Our mother used to say it was a sin to have dirty windows and not let the sunshine in. Here’s some help for all you sinners…

Drapery aside: If you have curtains, here is a way to prevent them from getting messed up while your windows are being cleaned. Without taking them off the rod, drape each panel on a hanger, then hang the hanger on the curtain rod—the panels on the right side of the window should, of course, be hung on the right side of the curtain rod. The panels on the left side of the window should be hung on the left side of the curtain rod. (We’re sure you would figure that out for yourself.)

Easy homemade window-washing solution: Combine one cup of white vinegar with three cups of warm water. (If your windows seem extra grimy or greasy, add two or three tablespoons of rubbing alcohol.) Dip a scrunched-up piece of plain newspaper (no colored ink) into the mixture, squeeze it until it stops dripping, then use it to clean the window. (Be sure to wear rubber gloves so that the newsprint doesn’t get on your hands.) Then dry the window with some dry pieces of scrunched-up plain newspaper.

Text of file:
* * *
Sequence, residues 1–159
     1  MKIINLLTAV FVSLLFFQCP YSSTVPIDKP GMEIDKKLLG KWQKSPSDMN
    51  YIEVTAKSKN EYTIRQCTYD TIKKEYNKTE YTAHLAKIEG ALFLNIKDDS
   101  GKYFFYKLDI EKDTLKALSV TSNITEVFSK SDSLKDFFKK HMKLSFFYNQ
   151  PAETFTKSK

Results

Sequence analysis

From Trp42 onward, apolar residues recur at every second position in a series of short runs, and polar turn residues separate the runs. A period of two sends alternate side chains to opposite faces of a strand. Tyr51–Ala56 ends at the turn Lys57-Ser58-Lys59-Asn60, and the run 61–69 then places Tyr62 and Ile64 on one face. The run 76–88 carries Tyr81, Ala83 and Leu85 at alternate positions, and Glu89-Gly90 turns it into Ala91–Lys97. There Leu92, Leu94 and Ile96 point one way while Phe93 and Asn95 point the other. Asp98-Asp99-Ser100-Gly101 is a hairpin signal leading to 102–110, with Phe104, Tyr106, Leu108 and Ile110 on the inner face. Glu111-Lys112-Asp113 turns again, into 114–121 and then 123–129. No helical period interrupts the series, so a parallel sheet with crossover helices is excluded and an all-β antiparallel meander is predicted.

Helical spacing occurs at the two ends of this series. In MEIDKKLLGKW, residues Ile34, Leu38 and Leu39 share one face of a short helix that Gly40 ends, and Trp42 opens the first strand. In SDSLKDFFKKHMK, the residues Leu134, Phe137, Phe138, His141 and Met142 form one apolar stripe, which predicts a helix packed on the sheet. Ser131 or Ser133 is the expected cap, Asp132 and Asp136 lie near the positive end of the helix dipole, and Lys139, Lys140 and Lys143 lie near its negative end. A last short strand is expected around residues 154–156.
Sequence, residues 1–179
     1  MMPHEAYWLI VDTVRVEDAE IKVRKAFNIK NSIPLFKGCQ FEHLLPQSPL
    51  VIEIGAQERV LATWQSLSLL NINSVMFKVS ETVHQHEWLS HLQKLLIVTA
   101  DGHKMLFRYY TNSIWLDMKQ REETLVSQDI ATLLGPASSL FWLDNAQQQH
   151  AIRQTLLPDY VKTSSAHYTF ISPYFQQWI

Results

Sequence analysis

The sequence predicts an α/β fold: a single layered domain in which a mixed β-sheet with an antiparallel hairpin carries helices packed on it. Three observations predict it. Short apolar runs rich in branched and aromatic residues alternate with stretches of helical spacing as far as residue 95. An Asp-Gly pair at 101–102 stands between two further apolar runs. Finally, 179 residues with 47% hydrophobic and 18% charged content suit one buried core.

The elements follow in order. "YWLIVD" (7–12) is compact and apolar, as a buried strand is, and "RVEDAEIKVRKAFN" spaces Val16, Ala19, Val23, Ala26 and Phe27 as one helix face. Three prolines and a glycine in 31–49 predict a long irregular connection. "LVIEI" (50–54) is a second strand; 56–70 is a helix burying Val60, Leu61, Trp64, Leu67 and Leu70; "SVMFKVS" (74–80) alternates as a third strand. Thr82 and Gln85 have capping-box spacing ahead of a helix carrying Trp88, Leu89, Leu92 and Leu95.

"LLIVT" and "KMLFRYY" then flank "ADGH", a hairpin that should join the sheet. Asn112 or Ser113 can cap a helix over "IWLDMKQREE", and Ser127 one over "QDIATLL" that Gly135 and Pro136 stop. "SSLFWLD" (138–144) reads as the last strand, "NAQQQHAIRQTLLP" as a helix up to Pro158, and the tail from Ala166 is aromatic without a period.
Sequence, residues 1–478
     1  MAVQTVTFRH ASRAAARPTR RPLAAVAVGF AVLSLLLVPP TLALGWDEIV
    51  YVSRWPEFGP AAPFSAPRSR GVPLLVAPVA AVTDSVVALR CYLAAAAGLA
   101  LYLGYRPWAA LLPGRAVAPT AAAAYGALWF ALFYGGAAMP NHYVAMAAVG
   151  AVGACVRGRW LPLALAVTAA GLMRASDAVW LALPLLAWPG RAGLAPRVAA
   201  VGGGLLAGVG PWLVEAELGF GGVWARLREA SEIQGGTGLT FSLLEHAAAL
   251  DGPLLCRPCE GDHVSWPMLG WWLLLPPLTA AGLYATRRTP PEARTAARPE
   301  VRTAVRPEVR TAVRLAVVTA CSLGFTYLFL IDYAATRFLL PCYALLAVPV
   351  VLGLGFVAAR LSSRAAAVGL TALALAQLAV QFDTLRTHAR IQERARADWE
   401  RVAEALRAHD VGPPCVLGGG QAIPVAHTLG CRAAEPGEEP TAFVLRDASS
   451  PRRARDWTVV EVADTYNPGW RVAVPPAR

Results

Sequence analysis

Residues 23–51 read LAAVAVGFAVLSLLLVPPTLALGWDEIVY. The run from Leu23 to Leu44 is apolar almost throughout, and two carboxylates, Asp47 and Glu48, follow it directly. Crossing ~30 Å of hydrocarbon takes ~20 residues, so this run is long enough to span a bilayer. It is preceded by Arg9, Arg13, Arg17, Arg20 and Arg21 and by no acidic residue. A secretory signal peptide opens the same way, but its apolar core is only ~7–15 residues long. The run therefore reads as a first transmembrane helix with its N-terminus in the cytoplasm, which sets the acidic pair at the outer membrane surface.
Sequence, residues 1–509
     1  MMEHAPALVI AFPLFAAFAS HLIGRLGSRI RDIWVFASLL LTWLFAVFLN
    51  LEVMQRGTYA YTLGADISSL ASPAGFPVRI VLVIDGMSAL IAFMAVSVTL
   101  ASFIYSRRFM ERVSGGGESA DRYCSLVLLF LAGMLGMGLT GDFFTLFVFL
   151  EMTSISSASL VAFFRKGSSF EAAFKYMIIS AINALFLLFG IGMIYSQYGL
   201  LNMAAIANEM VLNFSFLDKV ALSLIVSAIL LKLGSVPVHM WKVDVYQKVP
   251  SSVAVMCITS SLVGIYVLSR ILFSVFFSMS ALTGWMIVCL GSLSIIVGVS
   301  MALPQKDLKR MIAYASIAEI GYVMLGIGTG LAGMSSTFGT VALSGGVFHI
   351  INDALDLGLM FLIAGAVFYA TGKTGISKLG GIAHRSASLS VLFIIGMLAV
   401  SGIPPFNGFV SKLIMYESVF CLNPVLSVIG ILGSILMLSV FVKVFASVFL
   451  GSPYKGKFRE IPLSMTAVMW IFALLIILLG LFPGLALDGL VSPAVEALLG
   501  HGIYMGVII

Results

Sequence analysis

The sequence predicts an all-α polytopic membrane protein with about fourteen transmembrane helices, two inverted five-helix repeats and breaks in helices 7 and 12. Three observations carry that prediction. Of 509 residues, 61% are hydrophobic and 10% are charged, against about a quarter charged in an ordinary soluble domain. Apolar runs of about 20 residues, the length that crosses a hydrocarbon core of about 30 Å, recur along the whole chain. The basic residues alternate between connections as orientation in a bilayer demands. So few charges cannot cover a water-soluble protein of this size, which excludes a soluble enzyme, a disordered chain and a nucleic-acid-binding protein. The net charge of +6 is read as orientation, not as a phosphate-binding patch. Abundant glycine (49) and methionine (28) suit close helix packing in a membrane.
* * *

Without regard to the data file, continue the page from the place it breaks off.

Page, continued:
Better than newspapers: The best cleaner for windows are those professional-grade squeegees. But if you don’t have one of those and you don’t love working with newspapers (it’s not the best fit for tight window corners), try a clean blackboard eraser. If you don’t have kids with blackboards, you can find these ancient artifacts online or wherever school supplies are sold.

Homemade window primer: Mix one-half cup of cornstarch into one gallon of warm water. Dip a coarse washcloth into the solution, wring it out, and use it to clean the window. Then dry the window with paper towel or plain newspaper. After doing this a few times, the window should be primed. After several cornstarch treatments, all you’ll need to clean your windows is a dry cloth.

Up, down…side to side: When you wipe your windows, clean up and down on the inside, and from side to side on the outside. That way, if you do see a streak that you want to wipe away, you will know which side it’s on.

When a cloudy day is a good thing: If you clean your windows on a bright, sunny day, they will dry quickly, leaving those dreaded streaks. The answer? Clean windows on an overcast day so that they will dry more slowly, giving you more time to wipe them streak-free.